Bullet and shrapnel embolism (BSE) is well described in the literature. Despite that, its rare occurrence creates a diagnostic challenge for providers tending to penetrating trauma victims. As with other forms of embolic phenomena, cases of BSE require a blend of superb clinical expertise and experience, as well as a high diagnostic index of suspicion. Management is highly individualized and spans a broad spectrum of options from “watchful waiting” to open heart surgery. Due to the risk of retained projectile migration through tissues, including erosion into surrounding anatomic structures, non-operative approaches warrant long-term clinical surveillance. When promptly recognized and treated appropriately, patients with BSE can be expected to have excellent clinical outcomes.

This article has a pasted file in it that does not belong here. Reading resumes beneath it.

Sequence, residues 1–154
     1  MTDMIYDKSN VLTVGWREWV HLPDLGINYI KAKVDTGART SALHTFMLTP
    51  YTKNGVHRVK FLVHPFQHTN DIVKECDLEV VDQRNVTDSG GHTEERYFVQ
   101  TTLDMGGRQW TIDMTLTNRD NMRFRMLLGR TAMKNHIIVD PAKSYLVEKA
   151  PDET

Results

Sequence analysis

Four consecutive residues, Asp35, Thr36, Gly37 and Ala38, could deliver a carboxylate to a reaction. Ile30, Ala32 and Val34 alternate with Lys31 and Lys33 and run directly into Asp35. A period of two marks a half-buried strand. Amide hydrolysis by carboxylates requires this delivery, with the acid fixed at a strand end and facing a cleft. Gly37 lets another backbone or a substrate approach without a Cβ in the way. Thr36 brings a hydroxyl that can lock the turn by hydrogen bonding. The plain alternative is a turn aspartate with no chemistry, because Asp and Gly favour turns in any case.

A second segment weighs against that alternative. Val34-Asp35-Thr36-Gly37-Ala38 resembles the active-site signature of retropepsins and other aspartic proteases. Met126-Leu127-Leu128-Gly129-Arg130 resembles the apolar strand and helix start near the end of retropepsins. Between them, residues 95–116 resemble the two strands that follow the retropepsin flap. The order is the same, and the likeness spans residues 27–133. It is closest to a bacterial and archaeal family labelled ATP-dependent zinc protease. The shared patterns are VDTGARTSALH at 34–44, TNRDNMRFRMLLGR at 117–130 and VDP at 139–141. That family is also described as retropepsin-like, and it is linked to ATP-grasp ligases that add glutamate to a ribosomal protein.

Part of the book: Embolic Disease